But as The Nation mentions in the second paragraph of the article: "The truth, though, is that the DoD was dragged kicking and screaming to this audit by bipartisan frustration in Congress, and the result, had this been a major corporation, likely would have been a crashed stock."
Really, if this was any other corporation that was "too big to fail", the whole U.S. economy would have crashed, sending ripples out into the rest of the global economic web. The Nation concluded that this crooked book cooking is a huge fraud:
For decades, the DoD’s leaders and accountants have been perpetrating a gigantic, unconstitutional accounting fraud, deliberately cooking the books to mislead the Congress and drive the DoD’s budgets ever higher, regardless of military necessity.
The Pentagon just takes money from other places the federal money could be better be allocated, like "health care, education, job creation, climate action, infrastructure modernization, and more", and instead spends it where they want, not accounting for it, likely in black budget and other secret programs. This unaccounted for money is int he trillions, and so too is the official visible spending. The Nation explains how the Pentagon gets away with it each year through the flagrant fraud of cooking the numbers:
The fraud works like this. When the DoD submits its annual budget requests to Congress, it sends along the prior year’s financial reports, which contain fabricated numbers. The fabricated numbers disguise the fact that the DoD does not always spend all of the money Congress allocates in a given year. However, instead of returning such unspent funds to the US Treasury, as the law requires, the Pentagon sometimes launders and shifts such moneys to other parts of the DoD’s budget.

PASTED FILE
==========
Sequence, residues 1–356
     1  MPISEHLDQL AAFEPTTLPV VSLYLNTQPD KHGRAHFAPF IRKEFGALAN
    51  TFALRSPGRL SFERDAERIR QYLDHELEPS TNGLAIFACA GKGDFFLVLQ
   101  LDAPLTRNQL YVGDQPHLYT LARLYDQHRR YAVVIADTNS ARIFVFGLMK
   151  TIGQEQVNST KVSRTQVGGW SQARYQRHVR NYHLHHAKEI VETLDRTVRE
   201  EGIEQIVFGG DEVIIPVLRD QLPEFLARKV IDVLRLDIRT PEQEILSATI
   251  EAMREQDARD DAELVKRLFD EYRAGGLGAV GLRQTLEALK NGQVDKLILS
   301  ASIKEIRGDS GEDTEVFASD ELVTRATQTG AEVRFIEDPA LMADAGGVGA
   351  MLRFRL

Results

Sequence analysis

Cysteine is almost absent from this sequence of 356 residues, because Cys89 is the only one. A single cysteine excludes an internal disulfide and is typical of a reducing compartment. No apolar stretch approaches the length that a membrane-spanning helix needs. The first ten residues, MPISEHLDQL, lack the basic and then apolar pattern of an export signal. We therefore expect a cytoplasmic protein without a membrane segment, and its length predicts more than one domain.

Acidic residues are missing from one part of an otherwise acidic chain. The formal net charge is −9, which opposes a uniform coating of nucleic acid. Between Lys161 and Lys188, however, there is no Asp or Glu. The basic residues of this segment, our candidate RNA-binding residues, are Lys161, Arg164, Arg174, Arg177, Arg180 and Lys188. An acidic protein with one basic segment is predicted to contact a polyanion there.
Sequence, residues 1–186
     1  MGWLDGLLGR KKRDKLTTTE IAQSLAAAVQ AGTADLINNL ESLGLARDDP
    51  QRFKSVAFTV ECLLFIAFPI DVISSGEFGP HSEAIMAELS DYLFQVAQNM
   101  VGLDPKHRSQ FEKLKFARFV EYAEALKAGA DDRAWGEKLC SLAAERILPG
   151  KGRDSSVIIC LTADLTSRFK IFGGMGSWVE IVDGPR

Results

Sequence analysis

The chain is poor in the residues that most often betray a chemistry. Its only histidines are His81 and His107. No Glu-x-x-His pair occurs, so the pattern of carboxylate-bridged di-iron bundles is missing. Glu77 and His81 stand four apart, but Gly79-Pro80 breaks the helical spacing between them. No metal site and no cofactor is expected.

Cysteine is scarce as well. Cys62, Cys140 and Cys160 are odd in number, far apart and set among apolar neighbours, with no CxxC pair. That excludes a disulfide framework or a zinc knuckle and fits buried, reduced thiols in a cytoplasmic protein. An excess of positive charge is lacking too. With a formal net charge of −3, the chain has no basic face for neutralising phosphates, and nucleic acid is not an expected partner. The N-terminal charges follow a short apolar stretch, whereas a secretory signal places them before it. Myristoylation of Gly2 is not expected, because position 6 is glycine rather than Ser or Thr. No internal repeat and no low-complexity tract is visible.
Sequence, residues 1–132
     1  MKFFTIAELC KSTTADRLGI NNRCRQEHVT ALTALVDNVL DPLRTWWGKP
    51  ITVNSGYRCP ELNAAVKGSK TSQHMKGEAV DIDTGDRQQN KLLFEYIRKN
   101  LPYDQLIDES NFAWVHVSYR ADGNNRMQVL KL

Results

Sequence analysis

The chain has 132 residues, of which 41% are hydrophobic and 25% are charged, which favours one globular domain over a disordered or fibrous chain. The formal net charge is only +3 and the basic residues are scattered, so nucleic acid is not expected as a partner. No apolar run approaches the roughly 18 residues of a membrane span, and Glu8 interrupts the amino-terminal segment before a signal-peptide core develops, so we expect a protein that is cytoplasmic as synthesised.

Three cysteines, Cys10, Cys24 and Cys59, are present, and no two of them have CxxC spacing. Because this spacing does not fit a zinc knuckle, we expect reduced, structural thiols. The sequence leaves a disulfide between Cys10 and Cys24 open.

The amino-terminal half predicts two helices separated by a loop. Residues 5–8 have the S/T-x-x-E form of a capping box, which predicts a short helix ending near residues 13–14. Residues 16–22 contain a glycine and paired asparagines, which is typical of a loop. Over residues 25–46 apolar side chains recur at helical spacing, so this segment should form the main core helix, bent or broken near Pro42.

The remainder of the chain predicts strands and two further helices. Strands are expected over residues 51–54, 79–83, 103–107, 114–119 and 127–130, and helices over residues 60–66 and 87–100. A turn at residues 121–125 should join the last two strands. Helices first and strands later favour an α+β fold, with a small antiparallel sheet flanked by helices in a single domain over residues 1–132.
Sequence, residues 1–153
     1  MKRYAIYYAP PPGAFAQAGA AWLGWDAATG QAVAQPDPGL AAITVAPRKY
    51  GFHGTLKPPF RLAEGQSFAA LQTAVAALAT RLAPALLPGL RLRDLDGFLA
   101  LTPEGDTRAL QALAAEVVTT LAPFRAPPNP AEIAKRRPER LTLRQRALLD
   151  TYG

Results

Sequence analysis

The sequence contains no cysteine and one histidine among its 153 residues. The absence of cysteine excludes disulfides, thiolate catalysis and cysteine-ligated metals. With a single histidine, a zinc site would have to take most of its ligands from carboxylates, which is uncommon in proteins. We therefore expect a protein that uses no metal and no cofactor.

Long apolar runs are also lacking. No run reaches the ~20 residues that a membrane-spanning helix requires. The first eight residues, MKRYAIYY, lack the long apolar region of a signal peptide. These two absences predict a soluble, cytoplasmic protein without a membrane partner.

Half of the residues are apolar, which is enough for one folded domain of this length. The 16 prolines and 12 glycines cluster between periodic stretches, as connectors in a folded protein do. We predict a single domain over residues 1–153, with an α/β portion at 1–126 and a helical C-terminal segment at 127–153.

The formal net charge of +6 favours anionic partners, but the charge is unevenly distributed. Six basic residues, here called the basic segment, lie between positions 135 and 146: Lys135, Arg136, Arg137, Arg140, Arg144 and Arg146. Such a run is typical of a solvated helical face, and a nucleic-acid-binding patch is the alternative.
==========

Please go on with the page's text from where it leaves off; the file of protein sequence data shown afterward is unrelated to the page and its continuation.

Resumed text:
Veteran Pentagon staffers say that this practice violates Article I Section 9 of the US Constitution.
And this has been going on since the 1980s, at the very least, if not from the 1950 or earlier when it was the Department of War. The Nation continues to explain:
This Pentagon accounting fraud is déjà vu all over again for Spinney. Back in the 1980s, he and a handful of other reform-minded colleagues exposed how the DoD used a similar accounting trick to inflate Pentagon spending—and to accumulate money for “off-the-books” programs. “DoD routinely over-estimated inflation rates for weapons systems,” Spinney recalled. “When actual inflation turned out to be lower than the estimates, they did not return the excess funds to the Treasury, as required by law, but slipped them into something called a ‘Merged Surplus Account,’” he said.